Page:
In DBC Pierre’s 2003 Booker Prize winner Vernon God Little, for example, the stateside hoopla was about the book’s dark horse author and his supposed anti-Americanism. The mental mechanics went something like, 1) it’s about a school shooting, 2) it’s a parody of Columbine, and 3) it disgraces American tragedy. Lost in the scrum for immediate context and meaning was that the narrator, Vernon, was a disguised St. Peter, and the story was that of Christ. Not that this mattered except to the handful of professional middle-roaders who prefer Booker Prize winners to The Da Vinci Code, which continues to double as Random House’s bank and Southwest’s in-flight movie.

Once again, the problem isn’t a lack of worthy fiction. As Jacob Siegel has written about on these pages, Jonathan Lethem’s The Invention of Solitude is the most important book on race since Ralph Ellison’s Invisible Man, yet good luck finding a review where “race” appears outside of quotes. Likewise, Ian McEwan’s novel Saturday is a rebuke of the Christian suggestion that God has gifted us with forgiveness, love and compassion. There is a warm version of materialism, there is a warm version of atheism, both are embodied by my protagonist Henry Perowne, McEwan seems to say. But all the critics have noticed is the background war in Iraq.

Perhaps worse than critics tethering fiction to current events, is the uniform denial of what Sven Birkerts calls “the sublime.” It is the moment in reading when we are at once in the clutches something confected and abstract — a fictional story, words — and yet aware of a certain unity to human reality. Not that the critic leaves sensory experience altogether on the roadside. There are the obligatory adjectives to declare this state: Mesmerizing and Haunting, perfectly good words, but ones that leave a canyon for the review reader to hurdle between the critic’s experience and his description of that experience.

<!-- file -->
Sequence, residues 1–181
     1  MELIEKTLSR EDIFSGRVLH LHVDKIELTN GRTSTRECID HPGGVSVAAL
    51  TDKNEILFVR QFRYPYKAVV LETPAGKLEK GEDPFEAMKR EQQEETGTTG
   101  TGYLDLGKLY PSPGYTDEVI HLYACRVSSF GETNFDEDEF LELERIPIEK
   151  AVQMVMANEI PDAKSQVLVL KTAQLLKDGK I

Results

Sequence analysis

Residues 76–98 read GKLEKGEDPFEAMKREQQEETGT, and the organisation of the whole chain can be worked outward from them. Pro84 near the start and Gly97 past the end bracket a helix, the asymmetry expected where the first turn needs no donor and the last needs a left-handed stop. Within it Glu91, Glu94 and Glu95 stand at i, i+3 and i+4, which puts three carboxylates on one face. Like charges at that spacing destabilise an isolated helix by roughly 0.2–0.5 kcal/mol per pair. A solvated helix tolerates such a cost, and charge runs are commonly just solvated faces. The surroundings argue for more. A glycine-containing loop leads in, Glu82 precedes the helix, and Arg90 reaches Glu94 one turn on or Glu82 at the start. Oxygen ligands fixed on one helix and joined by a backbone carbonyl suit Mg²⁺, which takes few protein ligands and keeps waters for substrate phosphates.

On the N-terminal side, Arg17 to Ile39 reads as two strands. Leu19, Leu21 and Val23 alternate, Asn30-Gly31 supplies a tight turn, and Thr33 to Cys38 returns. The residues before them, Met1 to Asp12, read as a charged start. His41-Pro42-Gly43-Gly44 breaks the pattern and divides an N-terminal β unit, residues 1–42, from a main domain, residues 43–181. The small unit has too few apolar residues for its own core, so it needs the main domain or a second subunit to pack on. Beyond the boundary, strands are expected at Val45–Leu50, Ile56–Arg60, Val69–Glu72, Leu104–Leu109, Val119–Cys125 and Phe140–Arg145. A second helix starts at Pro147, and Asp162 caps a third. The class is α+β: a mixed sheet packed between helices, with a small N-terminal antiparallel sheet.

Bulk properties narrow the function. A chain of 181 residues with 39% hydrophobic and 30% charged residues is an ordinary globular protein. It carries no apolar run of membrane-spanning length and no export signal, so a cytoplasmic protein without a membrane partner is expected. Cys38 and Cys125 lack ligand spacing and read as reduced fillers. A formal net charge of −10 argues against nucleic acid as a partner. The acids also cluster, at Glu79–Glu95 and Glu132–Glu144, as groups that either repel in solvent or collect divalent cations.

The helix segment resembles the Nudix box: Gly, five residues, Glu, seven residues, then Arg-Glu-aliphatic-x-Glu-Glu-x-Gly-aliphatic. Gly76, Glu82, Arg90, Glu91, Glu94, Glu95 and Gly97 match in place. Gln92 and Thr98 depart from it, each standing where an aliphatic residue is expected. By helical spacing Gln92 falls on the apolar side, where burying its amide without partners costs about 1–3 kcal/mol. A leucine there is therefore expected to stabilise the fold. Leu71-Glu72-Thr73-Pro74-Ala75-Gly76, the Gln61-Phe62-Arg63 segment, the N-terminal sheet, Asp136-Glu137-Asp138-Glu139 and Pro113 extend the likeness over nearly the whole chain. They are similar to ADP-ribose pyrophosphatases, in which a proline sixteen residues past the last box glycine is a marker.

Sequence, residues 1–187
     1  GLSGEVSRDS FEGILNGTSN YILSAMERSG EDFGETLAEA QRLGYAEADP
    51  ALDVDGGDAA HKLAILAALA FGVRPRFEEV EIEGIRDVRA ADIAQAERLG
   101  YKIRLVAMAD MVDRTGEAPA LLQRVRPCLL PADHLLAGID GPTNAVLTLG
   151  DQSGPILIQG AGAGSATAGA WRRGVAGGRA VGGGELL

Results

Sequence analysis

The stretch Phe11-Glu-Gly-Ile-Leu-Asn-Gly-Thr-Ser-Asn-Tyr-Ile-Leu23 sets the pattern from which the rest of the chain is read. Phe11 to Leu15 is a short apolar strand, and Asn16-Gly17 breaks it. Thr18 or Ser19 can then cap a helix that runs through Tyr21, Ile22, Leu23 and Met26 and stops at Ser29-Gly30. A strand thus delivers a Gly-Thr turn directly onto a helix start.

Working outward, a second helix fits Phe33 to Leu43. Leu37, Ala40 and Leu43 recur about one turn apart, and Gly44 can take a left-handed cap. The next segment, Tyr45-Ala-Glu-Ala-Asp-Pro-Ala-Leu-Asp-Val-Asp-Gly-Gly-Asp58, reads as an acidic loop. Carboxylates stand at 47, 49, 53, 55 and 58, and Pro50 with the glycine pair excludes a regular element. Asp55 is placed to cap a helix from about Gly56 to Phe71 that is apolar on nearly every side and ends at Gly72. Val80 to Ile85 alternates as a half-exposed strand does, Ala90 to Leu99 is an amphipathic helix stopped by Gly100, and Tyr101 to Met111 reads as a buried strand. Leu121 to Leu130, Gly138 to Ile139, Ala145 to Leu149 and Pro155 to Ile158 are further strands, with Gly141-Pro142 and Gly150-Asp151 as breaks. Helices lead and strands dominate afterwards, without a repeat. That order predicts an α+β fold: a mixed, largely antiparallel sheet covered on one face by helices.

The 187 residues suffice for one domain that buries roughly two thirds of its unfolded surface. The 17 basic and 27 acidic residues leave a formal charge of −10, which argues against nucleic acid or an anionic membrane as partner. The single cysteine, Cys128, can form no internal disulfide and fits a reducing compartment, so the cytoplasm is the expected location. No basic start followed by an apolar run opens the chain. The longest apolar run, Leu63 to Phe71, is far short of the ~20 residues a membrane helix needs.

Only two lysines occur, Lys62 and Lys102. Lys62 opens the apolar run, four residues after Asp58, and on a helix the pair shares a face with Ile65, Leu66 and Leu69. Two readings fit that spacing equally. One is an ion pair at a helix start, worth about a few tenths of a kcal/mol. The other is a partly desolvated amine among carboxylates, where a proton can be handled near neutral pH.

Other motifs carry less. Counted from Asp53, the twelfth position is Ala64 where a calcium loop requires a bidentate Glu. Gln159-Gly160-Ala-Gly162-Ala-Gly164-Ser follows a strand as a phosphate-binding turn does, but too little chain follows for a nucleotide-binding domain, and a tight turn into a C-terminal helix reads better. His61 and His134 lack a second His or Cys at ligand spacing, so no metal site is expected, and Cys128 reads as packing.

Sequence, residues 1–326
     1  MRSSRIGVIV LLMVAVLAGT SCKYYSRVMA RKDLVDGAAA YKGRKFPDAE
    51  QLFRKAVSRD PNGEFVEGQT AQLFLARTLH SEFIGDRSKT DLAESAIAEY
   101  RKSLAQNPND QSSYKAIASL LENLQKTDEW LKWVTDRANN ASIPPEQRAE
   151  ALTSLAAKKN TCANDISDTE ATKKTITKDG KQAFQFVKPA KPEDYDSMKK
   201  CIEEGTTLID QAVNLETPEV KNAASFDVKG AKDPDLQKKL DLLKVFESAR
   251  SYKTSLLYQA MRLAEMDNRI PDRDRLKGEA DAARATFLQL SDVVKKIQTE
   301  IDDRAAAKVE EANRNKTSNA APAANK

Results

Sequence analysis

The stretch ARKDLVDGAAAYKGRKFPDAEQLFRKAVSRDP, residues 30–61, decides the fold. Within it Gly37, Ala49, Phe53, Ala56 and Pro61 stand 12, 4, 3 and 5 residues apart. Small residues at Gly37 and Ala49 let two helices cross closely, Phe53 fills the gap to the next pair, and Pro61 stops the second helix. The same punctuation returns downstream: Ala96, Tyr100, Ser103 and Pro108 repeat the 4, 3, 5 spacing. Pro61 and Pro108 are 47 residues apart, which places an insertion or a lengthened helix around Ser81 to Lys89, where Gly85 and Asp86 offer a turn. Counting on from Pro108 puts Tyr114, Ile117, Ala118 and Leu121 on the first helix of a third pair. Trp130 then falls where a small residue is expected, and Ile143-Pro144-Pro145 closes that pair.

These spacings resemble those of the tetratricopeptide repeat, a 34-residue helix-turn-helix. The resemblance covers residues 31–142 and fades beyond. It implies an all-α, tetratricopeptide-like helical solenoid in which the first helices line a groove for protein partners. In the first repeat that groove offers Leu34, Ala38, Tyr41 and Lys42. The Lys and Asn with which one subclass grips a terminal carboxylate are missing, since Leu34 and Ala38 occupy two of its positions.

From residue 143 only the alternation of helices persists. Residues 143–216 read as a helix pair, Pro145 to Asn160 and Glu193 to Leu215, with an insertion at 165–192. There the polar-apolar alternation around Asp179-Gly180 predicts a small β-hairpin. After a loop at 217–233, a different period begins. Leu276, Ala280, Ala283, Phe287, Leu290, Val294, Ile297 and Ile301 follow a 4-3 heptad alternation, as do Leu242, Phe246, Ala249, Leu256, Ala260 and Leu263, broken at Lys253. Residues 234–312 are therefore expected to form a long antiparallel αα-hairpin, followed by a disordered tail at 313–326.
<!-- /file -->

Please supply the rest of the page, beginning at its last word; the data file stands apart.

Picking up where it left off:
Former New York Times literary editor Charles McGrath recently wrote an indicative piece for his old paper in which he surveyed contemporary fiction and declared the novel “a full-service entertainment center.” Mostly because, well, Franzen’s book has talking feces and Wallace’s a talking dog. But what of these talking things? McGrath is content merely to observed that they talk.

I have a theory. The absurdity of adulthood can be total. It appears to ridicule analysis. It takes the insider beyond anger and despair to neutrality, and neutrality is where fiction goes to die.

I also have a solution: appoint a public editor, grant him or her diplomatic impunity, tenure, the works and let them loose. The moment a fearless pen flashes from its scabbard just might be the moment fiction gets good again. In the meantime, we’ll have to continue shoulder-tapping underemployed MFAs shelving books part-time in Barnes & Noble and hope what they say is true: Hell hath no fury like an underemployed writer.



The Harvard Business Review, downloaded to my IPOD and read to me by a tenured professor--that's my "in-flight movie." Though believe me, if The Financial Times didn't continue to cloak itself in all those words, I'd read it as well. Fiction is for losers, just like coach and the anything but an MBA.
06.13.2005 | Gavin Wilson
What I like about this article is that it's not afraid to have it both ways; of course the death of literarure crowd is hysterical, and of course I agreew with it, that the world of words are in trouble and that those who live in that world are just a bit better, in one very significant sense at least, than anyone else, Dokoupil tells us. I'm with him, as I imagine many readers of this site are, and I appreciate his embracing the riciculous contradiction. Long live us, baby.

Long live us.
06.16.2005 | Little Stevie